This is the introduction to a series of guest posts about moving from our current day jobs and life situations toward our true vocations and life goals.
Do you have each foot in a different life—or a few different lives?
I do. Feels like I’ve been trying to transition from one life to another for as long as I’ve been alive.
There was a time when I almost crossed over from everyday life to being a full-time writer. My short stories and poetry were published, a play was produced and I wrote two novels (bad ones).
Or maybe that time just looks idyllic in retrospect. I was pretty much a single mom to my son and daughter for ten years since my husband was away on business five days a week. Then I went to graduate school and worked part time as a graphic artist, while still being a mom.
After that, I started teaching college and thought I’d found the perfect career. That’s what so many writers do, isn’t it? Teach class, then close the door and immerse themselves in their real work.
But teaching drove me crazy. I couldn’t write and teach, too. The words of my lectures drowned out the words of my fiction.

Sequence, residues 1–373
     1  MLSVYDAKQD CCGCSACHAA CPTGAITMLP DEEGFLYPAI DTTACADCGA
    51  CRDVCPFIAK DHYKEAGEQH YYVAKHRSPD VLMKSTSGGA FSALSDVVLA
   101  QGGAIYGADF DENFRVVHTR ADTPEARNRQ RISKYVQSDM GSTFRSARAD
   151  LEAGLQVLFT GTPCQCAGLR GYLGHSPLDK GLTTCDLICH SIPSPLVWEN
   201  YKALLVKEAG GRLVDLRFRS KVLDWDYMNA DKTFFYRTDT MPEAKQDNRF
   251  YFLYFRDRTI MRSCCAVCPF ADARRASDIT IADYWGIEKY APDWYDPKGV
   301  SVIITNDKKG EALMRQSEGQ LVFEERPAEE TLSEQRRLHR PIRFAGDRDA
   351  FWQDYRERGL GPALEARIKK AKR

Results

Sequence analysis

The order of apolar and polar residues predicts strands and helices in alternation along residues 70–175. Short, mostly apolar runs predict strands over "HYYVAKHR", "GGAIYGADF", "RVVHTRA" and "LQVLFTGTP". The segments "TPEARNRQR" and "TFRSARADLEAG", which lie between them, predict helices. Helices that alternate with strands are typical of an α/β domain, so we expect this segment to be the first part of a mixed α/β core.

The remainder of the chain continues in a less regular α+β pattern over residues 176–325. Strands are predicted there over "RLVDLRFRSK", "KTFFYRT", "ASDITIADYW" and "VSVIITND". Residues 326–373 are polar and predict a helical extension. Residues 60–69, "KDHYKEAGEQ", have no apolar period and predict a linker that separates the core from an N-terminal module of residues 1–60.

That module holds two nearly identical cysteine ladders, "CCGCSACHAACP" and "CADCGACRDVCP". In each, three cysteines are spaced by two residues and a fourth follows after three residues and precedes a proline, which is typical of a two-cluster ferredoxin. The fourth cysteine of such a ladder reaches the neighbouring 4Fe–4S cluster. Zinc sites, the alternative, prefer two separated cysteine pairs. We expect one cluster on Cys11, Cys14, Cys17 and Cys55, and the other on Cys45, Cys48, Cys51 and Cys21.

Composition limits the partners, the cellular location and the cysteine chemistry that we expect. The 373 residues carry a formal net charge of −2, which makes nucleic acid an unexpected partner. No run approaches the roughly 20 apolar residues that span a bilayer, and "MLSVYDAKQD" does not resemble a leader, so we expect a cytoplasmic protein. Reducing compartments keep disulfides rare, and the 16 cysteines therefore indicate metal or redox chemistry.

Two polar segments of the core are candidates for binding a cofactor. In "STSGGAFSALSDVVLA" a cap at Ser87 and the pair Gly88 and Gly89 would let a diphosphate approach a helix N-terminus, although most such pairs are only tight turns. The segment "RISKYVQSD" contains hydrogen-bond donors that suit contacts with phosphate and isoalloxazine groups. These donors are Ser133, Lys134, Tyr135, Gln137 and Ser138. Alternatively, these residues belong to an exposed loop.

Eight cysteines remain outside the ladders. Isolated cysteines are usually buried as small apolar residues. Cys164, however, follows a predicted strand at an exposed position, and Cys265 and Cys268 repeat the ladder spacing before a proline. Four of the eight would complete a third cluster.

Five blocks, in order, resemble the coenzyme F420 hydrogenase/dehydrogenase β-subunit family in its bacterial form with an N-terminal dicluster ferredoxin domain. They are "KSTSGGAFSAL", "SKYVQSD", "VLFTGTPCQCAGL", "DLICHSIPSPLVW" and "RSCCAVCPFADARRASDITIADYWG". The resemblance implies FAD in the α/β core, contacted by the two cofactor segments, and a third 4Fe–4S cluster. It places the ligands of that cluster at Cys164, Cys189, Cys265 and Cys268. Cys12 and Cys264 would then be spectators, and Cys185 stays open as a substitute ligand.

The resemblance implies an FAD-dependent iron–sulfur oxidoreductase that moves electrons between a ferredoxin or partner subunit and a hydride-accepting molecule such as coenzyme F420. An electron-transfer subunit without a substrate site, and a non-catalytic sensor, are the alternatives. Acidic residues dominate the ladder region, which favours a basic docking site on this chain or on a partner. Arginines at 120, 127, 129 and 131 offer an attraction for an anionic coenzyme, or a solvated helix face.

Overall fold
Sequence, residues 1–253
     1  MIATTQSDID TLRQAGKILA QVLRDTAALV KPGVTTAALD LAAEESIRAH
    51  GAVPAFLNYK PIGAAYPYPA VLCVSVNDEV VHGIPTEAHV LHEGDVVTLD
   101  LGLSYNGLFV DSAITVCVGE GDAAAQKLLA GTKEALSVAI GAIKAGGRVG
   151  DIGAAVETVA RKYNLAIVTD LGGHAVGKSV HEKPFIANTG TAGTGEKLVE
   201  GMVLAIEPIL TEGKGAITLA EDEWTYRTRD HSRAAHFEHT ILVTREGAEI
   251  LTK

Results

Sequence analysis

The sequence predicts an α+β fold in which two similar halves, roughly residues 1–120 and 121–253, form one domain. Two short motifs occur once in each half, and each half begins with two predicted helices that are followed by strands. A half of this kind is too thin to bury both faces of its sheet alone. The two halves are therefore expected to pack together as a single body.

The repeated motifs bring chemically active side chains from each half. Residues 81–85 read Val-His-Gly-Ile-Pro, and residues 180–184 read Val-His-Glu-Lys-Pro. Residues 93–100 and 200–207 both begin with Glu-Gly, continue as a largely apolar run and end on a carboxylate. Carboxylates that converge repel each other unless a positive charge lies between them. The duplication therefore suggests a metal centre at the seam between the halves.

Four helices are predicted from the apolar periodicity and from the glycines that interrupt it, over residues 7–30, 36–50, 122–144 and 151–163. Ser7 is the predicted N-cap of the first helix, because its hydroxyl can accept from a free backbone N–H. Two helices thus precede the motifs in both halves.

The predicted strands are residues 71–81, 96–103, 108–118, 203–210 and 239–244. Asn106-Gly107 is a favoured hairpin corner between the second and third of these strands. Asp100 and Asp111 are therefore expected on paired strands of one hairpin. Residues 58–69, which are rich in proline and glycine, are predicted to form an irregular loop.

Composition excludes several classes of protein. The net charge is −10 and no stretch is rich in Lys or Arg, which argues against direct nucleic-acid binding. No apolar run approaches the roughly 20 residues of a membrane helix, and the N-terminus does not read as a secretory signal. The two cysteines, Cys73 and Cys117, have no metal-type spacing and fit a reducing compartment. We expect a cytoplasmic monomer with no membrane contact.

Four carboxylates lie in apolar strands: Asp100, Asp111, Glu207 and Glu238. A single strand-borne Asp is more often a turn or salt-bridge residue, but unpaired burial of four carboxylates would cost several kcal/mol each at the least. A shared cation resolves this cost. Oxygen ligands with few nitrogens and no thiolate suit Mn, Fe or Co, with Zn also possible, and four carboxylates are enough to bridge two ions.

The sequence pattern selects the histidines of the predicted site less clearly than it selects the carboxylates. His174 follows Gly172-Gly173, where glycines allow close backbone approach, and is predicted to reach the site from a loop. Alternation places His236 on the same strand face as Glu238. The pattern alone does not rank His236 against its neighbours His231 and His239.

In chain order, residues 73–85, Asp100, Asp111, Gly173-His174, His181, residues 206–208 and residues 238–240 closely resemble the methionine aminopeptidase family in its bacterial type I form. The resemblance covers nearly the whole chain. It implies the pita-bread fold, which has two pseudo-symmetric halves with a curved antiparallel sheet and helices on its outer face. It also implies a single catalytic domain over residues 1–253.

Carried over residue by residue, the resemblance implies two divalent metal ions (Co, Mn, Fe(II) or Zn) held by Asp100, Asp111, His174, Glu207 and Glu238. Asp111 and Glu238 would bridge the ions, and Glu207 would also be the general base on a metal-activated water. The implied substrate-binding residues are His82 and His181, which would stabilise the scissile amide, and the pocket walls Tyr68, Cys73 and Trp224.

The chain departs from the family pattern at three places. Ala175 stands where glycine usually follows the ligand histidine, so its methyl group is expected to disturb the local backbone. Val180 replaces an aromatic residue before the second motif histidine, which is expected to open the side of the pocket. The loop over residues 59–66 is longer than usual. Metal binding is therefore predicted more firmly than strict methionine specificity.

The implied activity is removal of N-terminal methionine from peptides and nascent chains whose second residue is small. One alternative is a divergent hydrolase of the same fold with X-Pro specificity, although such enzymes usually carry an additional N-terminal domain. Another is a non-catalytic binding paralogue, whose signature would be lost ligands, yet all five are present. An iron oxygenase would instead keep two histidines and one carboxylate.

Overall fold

So I became an editor on a medical journal. At last, silence!
I could write again, but found myself transitioning to a different kind of writing. I’d always written short stories, but now I was trying to write novels. Real ones.
That’s not easy. Short stories are like paintings, novels are like movies. Hardly the same thing at all. I had a lot to learn.
Years passed. My children grew. I moved from New York to Baltimore to San Jose to the Texas Hill Country. I divorced and found a new relationship. I left my editing job, tried working for a literary agent, then went back to the old job.
All the while, the writing continued, stopped, continued, stopped— I don’t know how many times I quit absolutely, positively for the last time.
Finally, I gave up.
Now, whether I write for a few stolen hours a week while working as an editor, succeed and make a living as a novelist, or have to wait to write full time until I’m old enough to retire, I accept that writing fiction is and always has been the focus of my life.
There’s a kind of peace in that.